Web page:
By means of judgment No. 25740 of 15 October 2018, the Court of Cassation has established the important principle that commission accrued by a “coordinator” agent, meaning an agent whose commission is based on the commission earned by the sales network he/she coordinates, should not to be taken into account in the calculation of the termination indemnity due under the agreement.

The Facts

A sales agent resorted to the Court for the employer to be ordered to pay an indemnity in the event of termination of the relationship pursuant to art. 1751 of the Italian civil code, in relation to an engagement to promote and place financial products.

The Court dismissed the application and the agent filed an appeal, which confirmed the decision of the trial court.

In that specific case, the local Court highlighted that:

–       the agent had failed to demonstrate that, following the termination of the agency agreement, the employer had continued to enjoy significant benefits, and

–       the payment of an indemnity pursuant to art. 1751 of the civil code, for the work the agent had carried out as the “team manager” (coordinator of a group of agents), could not be deemed lawful. Indeed, according to the Court of Appeal, this would have constituted a double payment to be borne by the employer (to the individual agent who had concluded the transaction and to the team manager), thus, in contrast with the principle of equity cited by the same art. 1751 of the civil code.

The ruling of the Court of Cassation

In confirming the decision of the trial court, the Court of Cassation observed that the intention of art. 1751 of the civil code was to make the payment of the indemnity subject “not only to an increase in the customer base, or, alternatively, to a significant increase in the volume of business transacted with the employer’s existing customers, but also to the employer’s continued enjoyment of significant benefits from such customer relationships, which, therefore, must continue in existence for a reasonable length of time”.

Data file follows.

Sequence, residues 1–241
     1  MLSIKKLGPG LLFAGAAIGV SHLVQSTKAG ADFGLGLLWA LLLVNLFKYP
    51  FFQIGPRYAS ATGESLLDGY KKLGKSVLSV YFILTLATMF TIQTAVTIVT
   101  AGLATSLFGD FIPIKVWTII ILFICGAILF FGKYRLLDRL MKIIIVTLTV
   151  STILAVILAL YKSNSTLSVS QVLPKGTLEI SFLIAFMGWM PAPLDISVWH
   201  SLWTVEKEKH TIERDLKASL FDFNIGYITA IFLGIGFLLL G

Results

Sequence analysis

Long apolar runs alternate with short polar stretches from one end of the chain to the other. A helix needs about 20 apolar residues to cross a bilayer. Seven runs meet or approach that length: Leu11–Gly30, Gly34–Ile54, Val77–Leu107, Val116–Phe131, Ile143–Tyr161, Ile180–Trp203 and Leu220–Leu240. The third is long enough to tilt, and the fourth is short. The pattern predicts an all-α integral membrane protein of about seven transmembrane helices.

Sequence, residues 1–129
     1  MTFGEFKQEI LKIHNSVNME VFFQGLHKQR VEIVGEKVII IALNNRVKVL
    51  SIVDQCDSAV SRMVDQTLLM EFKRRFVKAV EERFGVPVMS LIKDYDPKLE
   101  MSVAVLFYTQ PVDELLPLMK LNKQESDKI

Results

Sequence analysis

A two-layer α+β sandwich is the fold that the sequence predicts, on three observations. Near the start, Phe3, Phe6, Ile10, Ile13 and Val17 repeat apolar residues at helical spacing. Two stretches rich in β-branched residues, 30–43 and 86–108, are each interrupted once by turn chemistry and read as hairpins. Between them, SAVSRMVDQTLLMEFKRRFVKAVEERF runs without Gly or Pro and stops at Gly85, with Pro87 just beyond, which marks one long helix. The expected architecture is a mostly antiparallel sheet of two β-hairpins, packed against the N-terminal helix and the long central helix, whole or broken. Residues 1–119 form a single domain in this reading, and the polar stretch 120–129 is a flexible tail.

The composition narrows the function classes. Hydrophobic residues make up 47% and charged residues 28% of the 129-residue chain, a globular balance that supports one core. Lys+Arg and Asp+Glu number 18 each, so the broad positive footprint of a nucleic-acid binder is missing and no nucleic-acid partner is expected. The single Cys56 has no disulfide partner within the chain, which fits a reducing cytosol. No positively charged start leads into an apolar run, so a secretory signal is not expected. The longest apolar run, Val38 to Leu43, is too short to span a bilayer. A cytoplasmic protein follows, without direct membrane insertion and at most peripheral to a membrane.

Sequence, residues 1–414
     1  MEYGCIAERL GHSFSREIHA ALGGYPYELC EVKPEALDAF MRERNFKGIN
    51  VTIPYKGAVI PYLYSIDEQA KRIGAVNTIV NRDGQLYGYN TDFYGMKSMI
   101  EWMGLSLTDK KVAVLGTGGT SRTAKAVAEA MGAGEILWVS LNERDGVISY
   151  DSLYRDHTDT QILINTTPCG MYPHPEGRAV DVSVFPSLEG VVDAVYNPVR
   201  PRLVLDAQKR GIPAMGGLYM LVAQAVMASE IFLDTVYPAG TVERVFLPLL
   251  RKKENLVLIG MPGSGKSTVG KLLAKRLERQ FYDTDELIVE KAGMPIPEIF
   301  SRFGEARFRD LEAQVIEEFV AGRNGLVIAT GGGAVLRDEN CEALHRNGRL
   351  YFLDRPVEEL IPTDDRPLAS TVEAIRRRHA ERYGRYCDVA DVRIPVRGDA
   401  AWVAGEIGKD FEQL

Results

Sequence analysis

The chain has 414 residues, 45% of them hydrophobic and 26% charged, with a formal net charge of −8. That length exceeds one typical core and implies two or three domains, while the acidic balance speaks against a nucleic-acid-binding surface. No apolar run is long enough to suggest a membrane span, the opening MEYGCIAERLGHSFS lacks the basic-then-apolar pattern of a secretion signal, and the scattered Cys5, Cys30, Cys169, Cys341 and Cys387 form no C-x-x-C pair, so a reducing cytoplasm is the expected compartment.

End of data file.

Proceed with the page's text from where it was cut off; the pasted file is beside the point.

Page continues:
Indeed, art. 1751 of the civil code provides that “On termination of the relationship, the employer shall pay the agent an indemnity if the following conditions are met: the agent has acquired new customers for the employer or has significantly increased the volume of business transacted with existing customers and the employer still receives significant benefits from the business concluded with such customers; the payment of said indemnity is fair, taking into account the circumstances of the case, specifically the commission which the agent would lose on the business transacted with such customers”.

Consequently, the Court of Cassation took the view that the provision in question is “clear in its intention to reward, by means of the payment of an indemnity, any promotion activity that is directly aimed at customers, both in the more dynamic terms of acquiring new customers and in terms of increasing the volume of business concluded with those already acquired, and to link any such reward to a particular and evident interest of the employer and a significant commitment on part of the agent (thus deserving of an economic reward).

In any event, in full alignment with the ruling of the Court of Appeal, the Court of Cassation highlighted that adding the indemnity set out in art. 1751 of the civil code to the commission received by the agent for having coordinated the team of agents would be in contrast with the principle of equity referenced in the provision in question. This is because the employer would be obliged to make a double payment – to the individual agent who concluded the transaction and to the team manager.


In essence, it is clear from the foregoing ruling that in awarding a termination indemnity pursuant to art. 1751 of the civil code, the commission received for the activity of coordinating a team of agents should not be taken into account, since such commission is paid for business that is acquired not directly and personally by the agent but by the other agents he/she manages.